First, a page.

The Perennial Plate is now working on The Victory Garden’s Edible Feast for PBS this is a short story from one of the episodes that will be aired in full on a PBS affiliate near you.
It makes me angry that she uses corn syrup and she is a farmer a little cognitive dissonance? High fructose corn syrup was invented and went into production in the early 70’s. GMO corn was introduced in the early ’80s. I understand that there is a lot of doubt and debate about the benefits or evils of GMO products. My feelings are in part about the corporate culture that made seeds something that we used to share to something that are now intellectual property. Intellectual property that is sold in conjunction with a chemical: roundup ready herbicides. In addition if as we are told by the chemical companies who make these products that they are benign why do they spend millions on preventing labeling of foods with them in them? Before all this when we used to just grow corn none of this was an issue. Regardless of where you stand on this issue the fact is that for something so “safe” there still remains far too many questions unanswered. Like it is assumed that big AG, Food corporations and chemical companies are funding the no labeling campaigns – but why is it such a secret?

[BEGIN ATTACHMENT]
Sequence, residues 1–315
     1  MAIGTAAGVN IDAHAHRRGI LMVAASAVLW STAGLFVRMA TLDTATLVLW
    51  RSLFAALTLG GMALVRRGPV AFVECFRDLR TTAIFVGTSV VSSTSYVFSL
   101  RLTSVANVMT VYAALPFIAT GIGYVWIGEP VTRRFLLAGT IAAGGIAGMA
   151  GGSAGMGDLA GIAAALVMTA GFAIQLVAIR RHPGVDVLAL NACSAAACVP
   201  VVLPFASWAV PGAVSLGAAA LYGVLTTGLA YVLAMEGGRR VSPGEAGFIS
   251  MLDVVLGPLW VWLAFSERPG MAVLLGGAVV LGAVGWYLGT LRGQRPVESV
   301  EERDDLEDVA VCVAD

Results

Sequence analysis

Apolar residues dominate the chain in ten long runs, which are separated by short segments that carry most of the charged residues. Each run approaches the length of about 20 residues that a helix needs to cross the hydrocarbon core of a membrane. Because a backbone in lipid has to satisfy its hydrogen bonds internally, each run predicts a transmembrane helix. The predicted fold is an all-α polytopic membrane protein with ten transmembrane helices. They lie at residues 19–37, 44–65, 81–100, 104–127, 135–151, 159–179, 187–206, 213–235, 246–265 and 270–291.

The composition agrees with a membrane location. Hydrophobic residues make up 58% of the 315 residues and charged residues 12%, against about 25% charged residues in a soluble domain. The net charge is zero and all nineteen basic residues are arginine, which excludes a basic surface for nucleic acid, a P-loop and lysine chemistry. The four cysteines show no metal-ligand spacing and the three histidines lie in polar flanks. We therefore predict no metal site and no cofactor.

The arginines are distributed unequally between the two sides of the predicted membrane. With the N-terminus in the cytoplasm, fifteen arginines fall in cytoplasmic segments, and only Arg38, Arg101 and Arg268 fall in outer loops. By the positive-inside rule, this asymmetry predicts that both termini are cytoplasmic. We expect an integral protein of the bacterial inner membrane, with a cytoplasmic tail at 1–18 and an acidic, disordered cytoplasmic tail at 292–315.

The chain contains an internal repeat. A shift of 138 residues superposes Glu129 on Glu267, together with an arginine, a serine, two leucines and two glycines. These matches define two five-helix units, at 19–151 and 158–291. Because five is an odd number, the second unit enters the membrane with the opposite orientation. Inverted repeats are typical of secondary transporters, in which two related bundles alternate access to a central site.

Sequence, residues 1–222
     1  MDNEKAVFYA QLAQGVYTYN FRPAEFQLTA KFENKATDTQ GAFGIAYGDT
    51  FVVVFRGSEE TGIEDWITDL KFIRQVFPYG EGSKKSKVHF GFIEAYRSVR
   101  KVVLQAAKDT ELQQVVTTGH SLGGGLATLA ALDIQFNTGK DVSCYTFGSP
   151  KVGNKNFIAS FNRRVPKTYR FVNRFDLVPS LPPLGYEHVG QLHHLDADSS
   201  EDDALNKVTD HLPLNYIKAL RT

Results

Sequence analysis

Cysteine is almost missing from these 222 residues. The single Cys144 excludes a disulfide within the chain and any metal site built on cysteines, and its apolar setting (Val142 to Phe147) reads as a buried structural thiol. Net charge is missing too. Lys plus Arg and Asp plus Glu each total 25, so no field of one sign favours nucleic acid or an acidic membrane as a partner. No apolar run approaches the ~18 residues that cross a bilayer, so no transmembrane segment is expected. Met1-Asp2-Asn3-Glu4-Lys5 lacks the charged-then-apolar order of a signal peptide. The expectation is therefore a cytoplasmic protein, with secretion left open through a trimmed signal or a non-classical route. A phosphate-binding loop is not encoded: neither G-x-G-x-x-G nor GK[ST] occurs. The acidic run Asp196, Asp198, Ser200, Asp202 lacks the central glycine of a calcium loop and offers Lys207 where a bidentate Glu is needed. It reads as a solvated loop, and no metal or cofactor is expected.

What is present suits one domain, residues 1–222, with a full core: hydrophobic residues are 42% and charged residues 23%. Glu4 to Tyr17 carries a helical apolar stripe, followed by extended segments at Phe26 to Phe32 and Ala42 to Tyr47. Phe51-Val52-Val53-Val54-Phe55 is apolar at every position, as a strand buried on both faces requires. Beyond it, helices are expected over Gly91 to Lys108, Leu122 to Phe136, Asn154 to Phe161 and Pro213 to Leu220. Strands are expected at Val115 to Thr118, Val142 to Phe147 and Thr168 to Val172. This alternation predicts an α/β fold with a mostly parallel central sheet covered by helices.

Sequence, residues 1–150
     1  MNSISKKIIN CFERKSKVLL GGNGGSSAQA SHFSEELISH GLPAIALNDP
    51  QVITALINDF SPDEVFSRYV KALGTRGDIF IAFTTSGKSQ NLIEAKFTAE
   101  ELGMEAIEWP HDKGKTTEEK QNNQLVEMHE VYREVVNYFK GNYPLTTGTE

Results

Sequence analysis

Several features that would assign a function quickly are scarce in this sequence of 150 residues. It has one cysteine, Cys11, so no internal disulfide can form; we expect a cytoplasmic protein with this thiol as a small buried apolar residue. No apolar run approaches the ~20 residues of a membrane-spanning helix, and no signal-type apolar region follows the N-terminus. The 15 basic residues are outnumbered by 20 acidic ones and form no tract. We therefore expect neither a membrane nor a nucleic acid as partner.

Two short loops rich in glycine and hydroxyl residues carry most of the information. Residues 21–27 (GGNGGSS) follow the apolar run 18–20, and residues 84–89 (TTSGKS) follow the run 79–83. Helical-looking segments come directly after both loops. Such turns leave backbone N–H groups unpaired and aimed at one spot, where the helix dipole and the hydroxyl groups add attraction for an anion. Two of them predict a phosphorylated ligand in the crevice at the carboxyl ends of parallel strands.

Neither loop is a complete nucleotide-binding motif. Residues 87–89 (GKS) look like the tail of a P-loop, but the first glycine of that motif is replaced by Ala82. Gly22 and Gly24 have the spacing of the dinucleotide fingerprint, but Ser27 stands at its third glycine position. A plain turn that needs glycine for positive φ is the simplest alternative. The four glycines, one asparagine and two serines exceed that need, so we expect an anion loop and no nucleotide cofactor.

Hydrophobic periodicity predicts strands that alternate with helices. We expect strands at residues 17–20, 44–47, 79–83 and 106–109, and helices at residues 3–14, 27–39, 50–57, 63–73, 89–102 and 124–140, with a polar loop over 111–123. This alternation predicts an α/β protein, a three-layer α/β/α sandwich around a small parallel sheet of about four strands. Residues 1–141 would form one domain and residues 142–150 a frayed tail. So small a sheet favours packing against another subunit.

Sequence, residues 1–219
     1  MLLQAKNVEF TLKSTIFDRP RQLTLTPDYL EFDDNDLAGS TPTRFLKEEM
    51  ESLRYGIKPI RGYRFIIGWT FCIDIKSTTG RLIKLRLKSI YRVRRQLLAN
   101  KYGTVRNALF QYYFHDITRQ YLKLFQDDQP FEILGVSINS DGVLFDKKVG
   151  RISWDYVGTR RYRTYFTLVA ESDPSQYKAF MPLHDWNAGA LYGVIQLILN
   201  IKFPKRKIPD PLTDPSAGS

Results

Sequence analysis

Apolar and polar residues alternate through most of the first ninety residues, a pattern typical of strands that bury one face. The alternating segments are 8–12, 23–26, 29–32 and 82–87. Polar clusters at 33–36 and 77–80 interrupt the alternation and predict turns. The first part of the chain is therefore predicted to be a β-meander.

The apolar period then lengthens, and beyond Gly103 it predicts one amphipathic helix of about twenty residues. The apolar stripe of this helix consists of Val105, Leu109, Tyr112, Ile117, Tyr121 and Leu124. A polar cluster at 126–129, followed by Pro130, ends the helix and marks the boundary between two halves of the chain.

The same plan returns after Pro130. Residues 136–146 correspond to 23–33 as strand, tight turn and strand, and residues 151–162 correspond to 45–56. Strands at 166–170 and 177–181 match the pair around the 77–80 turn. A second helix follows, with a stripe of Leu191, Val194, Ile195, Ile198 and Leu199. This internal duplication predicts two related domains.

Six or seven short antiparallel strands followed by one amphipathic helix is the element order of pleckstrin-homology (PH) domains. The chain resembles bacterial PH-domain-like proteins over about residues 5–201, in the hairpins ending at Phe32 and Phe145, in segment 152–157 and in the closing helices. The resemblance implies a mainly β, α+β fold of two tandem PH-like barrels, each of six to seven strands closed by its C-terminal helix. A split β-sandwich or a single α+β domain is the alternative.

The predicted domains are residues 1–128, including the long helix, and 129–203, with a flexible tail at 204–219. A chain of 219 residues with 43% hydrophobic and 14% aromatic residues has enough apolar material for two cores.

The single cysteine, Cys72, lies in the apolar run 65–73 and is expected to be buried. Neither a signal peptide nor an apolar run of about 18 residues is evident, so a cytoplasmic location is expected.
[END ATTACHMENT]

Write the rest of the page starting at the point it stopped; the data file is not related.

What I want to know is why has no one made old-fashioned corn syrup and marketed it? Is it because there isn’t enough non GMO corn grown in the USA? Or is it because at the end of the day no one cares? Still I think for old hippies and foodies like me and the anti GMO crowd that it would be a successful product.
Of course you could use light Agave or Lyle’s Syrup or very expensive organic corn syrup in your caramels.
My grandmother used to have a large tin with a beehive on it of thick golden corn syrup. When I was a little boy she would pour it on pancakes. We never had Maple Syrup because it was too expensive. Sometimes she would buy Aunt Jemima (I have no idea what back then it was made from). I don’t ever remember her cooking with corn syrup, she wasn’t much of a baker. This was probably in the mid sixties so I was 5 or so. It was the last time I can remember seeing that big tin with a beehive on it. Funny how something with such wonderful, warm childhood memories could become such a charged political debate.
Nostalgia isn’t what it used to be.